Contractors' Questions: Can my agent pull the contract?

Contractor's Question: A large recruitment agency says their legal team will not amend my contract, as I was advised by Qdos who found substitution and agency/client control issues. The agency also says that if a contract is not signed they will need to remove me from the project. They did however say that they have thousands of contractors on this same contract and that it has also been 'verified by HMRC.'

What can I do in this situation, given I want to change the contract? Also, does the agency have the right to remove me from a project that the end client wants me to complete, purely on the basis of me not signing the contract? And what should I do if the agency says they won't change the contract?

Expert's Answer: Sadly this is a fairly common situation. The majority of contracts issued by small and medium-sized agencies have developed over the years to include IR35-friendly clauses. However, there are a handful of large agencies that issue their standard terms which contain unhelpful and damaging wording. More often than not, the large agency will flatly refuse to amend the contract, usually issuing a response along the lines of 'thousands of other contractors have accepted the contract without question, so why can't you?'.

Another issue is that the majority of agencies claim that their contracts are IR35-friendly. In your case, they appear the agency appears to have gone one step further, saying the contract has been 'verified by HMRC.' However unless this can be supported by evidence, then such a claim must be treated with caution. This sort of claim is a real problem in itself: unsuspecting contractors on the agency's books will undoubtedly assume that their entire arrangement falls outside of IR35, without stopping to consider their actual working practices. This could prove to be a very costly mistake!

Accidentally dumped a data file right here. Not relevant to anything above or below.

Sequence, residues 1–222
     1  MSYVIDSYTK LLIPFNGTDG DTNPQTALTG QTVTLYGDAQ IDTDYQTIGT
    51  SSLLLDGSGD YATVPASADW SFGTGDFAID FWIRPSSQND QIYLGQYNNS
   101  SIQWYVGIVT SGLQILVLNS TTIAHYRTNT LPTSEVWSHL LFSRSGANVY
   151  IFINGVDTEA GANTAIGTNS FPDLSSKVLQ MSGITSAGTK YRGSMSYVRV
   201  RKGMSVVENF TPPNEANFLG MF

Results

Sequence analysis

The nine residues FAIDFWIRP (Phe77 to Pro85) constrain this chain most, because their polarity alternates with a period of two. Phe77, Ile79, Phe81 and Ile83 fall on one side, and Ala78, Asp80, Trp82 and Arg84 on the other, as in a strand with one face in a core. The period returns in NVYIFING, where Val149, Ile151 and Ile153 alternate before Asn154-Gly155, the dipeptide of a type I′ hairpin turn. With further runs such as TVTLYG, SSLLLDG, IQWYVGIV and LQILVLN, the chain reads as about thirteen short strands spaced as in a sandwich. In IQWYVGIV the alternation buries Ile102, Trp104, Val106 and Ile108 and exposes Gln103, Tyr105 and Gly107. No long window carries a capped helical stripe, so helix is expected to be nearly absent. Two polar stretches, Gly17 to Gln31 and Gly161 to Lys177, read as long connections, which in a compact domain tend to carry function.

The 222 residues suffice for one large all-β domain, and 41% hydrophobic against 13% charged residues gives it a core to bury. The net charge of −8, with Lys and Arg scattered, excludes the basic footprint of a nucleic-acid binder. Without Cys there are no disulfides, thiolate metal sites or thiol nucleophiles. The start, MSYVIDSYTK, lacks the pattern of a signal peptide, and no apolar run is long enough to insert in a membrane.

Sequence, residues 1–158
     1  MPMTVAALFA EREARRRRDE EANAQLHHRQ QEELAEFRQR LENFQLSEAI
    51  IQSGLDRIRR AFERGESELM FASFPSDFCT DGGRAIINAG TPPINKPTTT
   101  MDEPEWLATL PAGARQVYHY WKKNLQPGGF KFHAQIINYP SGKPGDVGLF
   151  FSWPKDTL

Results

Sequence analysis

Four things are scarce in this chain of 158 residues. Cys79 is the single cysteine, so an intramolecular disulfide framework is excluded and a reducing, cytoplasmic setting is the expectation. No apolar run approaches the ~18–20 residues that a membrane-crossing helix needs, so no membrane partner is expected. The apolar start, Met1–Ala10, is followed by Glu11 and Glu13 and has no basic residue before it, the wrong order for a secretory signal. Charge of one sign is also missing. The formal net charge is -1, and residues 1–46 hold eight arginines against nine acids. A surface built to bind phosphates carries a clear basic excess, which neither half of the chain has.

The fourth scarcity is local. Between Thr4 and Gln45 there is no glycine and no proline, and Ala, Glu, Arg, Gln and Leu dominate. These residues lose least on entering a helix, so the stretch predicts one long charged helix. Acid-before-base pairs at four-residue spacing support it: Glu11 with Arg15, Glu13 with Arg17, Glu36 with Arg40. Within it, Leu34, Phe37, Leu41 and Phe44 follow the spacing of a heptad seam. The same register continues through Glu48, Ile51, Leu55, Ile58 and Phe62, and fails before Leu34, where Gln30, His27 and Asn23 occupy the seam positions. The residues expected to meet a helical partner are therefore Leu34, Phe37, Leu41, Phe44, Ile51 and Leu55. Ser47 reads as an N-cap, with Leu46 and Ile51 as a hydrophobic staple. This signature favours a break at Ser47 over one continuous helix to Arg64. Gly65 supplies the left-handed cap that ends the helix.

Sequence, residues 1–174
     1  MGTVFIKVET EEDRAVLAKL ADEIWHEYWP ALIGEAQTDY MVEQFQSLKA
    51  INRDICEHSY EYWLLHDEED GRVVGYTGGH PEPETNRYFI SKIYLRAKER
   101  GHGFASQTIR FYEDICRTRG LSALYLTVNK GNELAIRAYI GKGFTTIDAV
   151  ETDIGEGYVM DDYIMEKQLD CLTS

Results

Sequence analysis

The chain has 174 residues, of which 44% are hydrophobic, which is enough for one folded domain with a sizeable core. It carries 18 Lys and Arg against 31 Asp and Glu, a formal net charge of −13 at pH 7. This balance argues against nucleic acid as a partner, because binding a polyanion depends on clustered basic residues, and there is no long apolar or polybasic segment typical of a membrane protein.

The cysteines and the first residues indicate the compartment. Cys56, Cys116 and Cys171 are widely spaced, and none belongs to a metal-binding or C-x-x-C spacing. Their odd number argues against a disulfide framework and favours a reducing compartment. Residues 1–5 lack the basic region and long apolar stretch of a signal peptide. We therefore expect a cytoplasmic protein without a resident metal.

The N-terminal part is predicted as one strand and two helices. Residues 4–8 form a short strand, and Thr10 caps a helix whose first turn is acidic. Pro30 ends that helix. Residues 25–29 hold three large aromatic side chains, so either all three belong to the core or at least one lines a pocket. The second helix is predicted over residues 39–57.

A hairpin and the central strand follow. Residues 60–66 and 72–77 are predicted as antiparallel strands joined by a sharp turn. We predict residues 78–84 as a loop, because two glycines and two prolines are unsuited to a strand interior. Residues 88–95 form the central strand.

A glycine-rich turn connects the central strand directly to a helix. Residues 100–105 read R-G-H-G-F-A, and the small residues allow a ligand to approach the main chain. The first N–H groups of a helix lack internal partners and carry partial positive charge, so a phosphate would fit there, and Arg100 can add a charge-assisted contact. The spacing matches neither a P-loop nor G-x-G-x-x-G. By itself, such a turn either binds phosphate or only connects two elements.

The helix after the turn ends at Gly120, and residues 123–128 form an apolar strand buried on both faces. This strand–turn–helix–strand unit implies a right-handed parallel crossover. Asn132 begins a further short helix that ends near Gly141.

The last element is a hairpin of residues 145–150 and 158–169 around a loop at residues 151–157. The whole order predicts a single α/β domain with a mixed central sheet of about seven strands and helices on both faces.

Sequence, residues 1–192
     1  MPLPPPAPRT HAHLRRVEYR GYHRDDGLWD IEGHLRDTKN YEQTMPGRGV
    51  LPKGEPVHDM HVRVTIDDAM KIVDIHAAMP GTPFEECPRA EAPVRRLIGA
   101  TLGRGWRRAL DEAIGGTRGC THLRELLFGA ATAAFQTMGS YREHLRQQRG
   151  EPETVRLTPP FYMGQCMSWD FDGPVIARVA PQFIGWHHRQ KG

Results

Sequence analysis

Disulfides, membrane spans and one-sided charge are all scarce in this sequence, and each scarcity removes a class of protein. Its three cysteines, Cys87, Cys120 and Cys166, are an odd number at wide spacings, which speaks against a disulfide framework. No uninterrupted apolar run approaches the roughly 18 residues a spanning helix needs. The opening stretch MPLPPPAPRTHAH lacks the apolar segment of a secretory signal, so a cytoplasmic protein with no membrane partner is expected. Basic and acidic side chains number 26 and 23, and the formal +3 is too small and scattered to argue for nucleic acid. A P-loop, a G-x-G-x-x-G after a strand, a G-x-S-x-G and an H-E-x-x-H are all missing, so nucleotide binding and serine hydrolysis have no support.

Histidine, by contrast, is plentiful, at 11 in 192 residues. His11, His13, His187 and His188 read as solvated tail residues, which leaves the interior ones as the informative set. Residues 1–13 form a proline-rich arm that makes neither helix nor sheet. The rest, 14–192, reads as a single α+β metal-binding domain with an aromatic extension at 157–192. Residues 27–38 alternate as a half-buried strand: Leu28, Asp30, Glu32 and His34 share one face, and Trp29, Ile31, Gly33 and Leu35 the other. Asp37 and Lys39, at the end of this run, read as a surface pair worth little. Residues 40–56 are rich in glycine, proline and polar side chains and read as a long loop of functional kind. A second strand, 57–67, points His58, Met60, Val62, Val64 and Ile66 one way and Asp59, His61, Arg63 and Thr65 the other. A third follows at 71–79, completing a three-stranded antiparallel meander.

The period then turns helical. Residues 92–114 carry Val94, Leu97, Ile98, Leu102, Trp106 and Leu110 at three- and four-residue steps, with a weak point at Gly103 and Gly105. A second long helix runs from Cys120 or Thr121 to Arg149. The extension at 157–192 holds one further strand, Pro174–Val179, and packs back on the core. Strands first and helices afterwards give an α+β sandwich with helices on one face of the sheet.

Having said all of this, a poor contract that the agency won't change doesn't necessarily mean the contractor has no hope of being 'outside IR35'. It certainly doesn't make life easy – the contract is the Revenue's first port of call and hypothetical things (like having a genuine right of substitution) are difficult to prove if the contractual wording suggests otherwise. However, the working practices always make up the bulk of HMRC's attack and the contractor's defence. If you've got a brilliant contract but in reality your client treats you like an employee, HMRC will say the contract isn't worth the paper it's written on. Conversely, if your contract is not so good, but you are genuinely working and treated like a contractor, you should be ok.

This is a massive simplification of course and an IR35 enquiry can be arduous. Yet the key to success in an IR35 investigation is having an end client that understands the issues and doesn't 'put their foot in it' when questioned by the Revenue. The fact is; there are many contractors working under poor contracts, when in reality they are working like genuine businesses and, despite the contract, we would still be reasonably confident of successfully defending them in an IR35 case.

However in your circumstances, if you choose not to sign the contract, you probably will be removed from the project, even if the end client wants you there. You should also be aware that, typically, the client will have signed a contract with the agency that prevents the client from engaging you directly, so you should consider your options carefully, or seek professional advice tailored to your full circumstances.

The expert was Seb Maley, freelancer services manager at a href="http://www.qdosconsulting.com/default.asp" target="_blank">Qdos Consulting Limited